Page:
• Federal Register June 25, 2007
    • June 25, 2007
    ...and understanding'' are not the types of terms that have been held to be unconstitutionally vague (Boyce Motor Lines v. United States, 342 U.S. 337, 342 (1952)). Some of these very terms have been in use for over 30 years in food CGMP No comments were submitted objecting to the use of such ......
  • United States v. Smith, Case No. 13–CR–297 (KMK).
    • United States
    • United States District Courts. 2nd Circuit. United States District Courts. 2nd Circuit. Southern District of New York
    • April 4, 2014
    ...a court views the indictment as a whole and assumes its factual allegations to be true.” (citing Boyce Motor Lines v. United States, 342 U.S. 337, 343 n. 16, 72 S.Ct. 329, 96 L.Ed. 367 (1952))); United States v. Finazzo, No. 10–CR–457, 2013 WL 619571, at *2 (E.D.N.Y. Feb. 19, 2013) (“[I]n d......
  • U.S. v. Ho, No. 01-20460.
    • United States
    • United States Courts of Appeals. United States Court of Appeals (5th Circuit)
    • October 31, 2002
    ...17. Bryan v. United States, 524 U.S. 184, 192, 118 S.Ct. 1939, 141 L.Ed.2d 197 (1998) (quoting Boyce Motor Lines Inc. v. United States, 342 U.S. 337, 345, 72 S.Ct. 329, 96 L.Ed. 367 (1952) (Jackson, J., dissenting)); see also United States v. Baytank (Houston), Inc., 934 F.2d 599, 613 (5th ......
  • Request a trial to view additional results
736 cases
  • United States v. Smith, Case No. 13–CR–297 (KMK).
    • United States
    • United States District Courts. 2nd Circuit. United States District Courts. 2nd Circuit. Southern District of New York
    • April 4, 2014
    ...a court views the indictment as a whole and assumes its factual allegations to be true.” (citing Boyce Motor Lines v. United States, 342 U.S. 337, 343 n. 16, 72 S.Ct. 329, 96 L.Ed. 367 (1952))); United States v. Finazzo, No. 10–CR–457, 2013 WL 619571, at *2 (E.D.N.Y. Feb. 19, 2013) (“[I]n d......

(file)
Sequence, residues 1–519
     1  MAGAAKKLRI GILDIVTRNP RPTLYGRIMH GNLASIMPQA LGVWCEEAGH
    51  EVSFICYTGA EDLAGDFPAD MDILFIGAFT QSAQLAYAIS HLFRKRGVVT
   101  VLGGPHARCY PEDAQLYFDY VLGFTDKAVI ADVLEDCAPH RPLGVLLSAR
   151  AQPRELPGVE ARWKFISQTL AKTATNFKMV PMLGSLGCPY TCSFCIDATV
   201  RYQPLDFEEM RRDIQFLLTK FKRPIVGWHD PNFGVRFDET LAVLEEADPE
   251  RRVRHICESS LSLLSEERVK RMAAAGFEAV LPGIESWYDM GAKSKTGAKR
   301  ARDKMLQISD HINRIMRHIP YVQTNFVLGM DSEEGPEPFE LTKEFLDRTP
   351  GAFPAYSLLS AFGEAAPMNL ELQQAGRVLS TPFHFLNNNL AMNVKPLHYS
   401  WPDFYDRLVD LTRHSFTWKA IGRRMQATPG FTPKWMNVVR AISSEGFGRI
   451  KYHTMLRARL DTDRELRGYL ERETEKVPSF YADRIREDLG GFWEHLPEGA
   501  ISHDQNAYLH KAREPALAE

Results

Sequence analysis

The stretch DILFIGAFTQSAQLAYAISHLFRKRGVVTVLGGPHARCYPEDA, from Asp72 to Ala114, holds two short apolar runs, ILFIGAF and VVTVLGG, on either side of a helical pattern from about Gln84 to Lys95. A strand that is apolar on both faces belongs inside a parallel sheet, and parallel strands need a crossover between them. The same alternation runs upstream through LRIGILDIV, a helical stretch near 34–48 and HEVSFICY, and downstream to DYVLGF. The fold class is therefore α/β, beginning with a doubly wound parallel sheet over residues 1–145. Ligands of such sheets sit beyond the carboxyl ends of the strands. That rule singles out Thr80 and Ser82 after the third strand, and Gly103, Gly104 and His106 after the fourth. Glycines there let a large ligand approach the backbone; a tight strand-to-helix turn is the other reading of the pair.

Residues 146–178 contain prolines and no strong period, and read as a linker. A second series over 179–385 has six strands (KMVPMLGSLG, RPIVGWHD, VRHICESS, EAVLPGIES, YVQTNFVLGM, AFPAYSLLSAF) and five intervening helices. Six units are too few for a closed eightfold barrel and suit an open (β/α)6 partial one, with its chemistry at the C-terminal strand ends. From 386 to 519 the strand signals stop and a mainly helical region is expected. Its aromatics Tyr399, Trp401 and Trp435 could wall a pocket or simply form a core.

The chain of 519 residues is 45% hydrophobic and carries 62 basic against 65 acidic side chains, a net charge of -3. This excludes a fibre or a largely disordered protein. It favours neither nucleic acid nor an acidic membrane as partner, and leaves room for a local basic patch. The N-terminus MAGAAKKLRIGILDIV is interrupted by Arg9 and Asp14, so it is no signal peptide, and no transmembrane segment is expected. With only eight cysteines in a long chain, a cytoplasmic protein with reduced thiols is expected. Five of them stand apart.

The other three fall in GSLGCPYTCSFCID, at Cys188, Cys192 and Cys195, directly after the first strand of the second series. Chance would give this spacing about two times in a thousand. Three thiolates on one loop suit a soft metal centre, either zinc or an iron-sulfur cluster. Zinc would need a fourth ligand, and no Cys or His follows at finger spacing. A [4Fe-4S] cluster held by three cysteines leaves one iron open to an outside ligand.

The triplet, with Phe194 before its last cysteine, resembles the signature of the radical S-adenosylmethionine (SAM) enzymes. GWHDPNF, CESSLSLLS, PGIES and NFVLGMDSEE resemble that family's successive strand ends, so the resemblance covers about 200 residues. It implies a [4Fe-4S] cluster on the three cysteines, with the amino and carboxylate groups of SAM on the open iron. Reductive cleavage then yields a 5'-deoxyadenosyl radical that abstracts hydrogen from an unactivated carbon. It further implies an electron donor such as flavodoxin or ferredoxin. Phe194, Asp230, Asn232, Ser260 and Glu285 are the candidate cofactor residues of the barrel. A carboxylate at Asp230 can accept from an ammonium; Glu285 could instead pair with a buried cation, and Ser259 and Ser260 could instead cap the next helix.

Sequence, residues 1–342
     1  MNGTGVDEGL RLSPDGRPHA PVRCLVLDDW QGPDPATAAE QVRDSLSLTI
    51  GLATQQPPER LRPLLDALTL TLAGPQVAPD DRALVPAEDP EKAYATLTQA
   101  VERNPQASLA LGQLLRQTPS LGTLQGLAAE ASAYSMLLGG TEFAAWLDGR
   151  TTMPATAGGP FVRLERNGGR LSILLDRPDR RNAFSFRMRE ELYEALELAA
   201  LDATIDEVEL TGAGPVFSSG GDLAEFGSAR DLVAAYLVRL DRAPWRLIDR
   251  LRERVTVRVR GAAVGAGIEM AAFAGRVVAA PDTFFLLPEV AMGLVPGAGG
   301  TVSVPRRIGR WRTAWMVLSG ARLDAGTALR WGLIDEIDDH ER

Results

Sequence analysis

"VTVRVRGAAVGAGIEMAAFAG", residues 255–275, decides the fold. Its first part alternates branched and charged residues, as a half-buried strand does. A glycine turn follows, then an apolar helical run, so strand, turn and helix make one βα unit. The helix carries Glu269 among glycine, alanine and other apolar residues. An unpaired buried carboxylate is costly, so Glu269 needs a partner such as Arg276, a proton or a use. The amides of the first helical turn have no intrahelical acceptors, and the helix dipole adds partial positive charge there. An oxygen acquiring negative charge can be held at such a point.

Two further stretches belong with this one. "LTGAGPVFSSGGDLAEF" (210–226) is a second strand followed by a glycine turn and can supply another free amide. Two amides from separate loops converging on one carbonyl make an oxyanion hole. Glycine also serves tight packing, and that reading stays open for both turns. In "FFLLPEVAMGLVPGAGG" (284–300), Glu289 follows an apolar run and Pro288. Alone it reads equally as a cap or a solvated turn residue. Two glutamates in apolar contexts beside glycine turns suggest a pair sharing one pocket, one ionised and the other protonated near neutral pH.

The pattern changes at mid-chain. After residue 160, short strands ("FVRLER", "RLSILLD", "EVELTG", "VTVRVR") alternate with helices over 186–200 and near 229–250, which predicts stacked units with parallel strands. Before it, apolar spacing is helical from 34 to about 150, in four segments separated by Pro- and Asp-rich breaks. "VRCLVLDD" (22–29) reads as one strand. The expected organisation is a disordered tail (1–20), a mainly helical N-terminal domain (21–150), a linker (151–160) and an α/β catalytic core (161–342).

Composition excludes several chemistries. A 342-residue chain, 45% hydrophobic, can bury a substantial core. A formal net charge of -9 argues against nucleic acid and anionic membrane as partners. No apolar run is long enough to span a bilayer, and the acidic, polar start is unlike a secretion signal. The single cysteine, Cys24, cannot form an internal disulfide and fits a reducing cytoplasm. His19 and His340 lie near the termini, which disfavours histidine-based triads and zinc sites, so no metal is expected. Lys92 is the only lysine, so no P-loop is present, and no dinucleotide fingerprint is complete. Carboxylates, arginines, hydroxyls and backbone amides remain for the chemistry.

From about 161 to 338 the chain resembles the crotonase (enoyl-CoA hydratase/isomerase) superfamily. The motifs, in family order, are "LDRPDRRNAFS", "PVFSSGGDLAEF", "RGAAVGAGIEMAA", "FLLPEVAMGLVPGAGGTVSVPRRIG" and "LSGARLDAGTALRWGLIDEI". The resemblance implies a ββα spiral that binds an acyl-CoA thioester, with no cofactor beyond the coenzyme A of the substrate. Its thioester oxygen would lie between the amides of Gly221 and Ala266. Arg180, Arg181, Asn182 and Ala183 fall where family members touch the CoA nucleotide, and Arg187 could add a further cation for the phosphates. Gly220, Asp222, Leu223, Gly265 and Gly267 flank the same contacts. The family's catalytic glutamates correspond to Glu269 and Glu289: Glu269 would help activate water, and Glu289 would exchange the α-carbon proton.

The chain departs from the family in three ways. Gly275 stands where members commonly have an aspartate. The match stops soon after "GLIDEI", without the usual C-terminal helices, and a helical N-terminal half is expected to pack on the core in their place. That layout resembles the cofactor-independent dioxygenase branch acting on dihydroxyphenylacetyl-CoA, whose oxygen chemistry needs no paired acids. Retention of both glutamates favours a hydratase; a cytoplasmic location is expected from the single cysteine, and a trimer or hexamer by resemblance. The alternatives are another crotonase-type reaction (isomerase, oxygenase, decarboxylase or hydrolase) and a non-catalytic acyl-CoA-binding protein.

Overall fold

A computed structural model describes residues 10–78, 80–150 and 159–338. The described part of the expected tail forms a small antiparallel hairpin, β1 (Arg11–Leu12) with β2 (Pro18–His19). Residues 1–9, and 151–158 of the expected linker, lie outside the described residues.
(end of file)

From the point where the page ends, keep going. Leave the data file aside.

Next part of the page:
• U.S. v. Ho, No. 01-20460.
    • United States
    • United States Courts of Appeals. United States Court of Appeals (5th Circuit)
    • October 31, 2002
    ...17. Bryan v. United States, 524 U.S. 184, 192, 118 S.Ct. 1939, 141 L.Ed.2d 197 (1998) (quoting Boyce Motor Lines Inc. v. United States, 342 U.S. 337, 345, 72 S.Ct. 329, 96 L.Ed. 367 (1952) (Jackson, J., dissenting)); see also United States v. Baytank (Houston), Inc., 934 F.2d 599, 613 (5th ......
  • Jerman v. CARLISLE, McNELLIE, RINI, KRAMER, No. 08-1200.
    • United States
    • United States Supreme Court
    • January 13, 2010
    ...of a statute is factual knowledge as distinguished from knowledge of the law'") (quoting Boyce Motor Lines, Inc. v. United States, 342 U.S. 337, 345, 72 S.Ct. 329, 96 L.Ed. 367 (1952) (Jackson, J., dissenting)); United States v. International Minerals & Chemical Corp., 402 U.S. 558, 559, 56......
  • Zenith Radio Corp. v. Matsushita Elec. Ind. Co., Ltd., Civ. A. No. 74-2451
    • United States
    • United States District Courts. 3th Circuit. United States District Court (Eastern District of Pennsylvania)
    • April 4, 1975
    ...a statute, a court can demand "no more than a reasonable degree of certainty" from an Act of Congress. Boyce Motor Lines v. United States, 342 U.S. 337, 340, 72 S. Ct. 329, 331, 96 L.Ed. 367 (1952). "Nor is it unfair to require that one who deliberately goes perilously close to an area of p......
  • Request a trial to view additional results
1 books & journal articles
  • SECURITIES FRAUD
    • United States
    • American Criminal Law Review Nbr. 58-3, July 2021
    • July 1, 2021
    ...that application of the [statute]’ . . . is unjust [because the statute is vague].” (quoting Boyce Motor Lines, Inc. v. United States, 342 U.S. 337, 342 (1952))); Ernst & Ernst v. Hochfelder, 425 U.S. 185, 199 (1976) (holding that Rule 10b-5 does not proscribe negligent conduct); In re Zagg......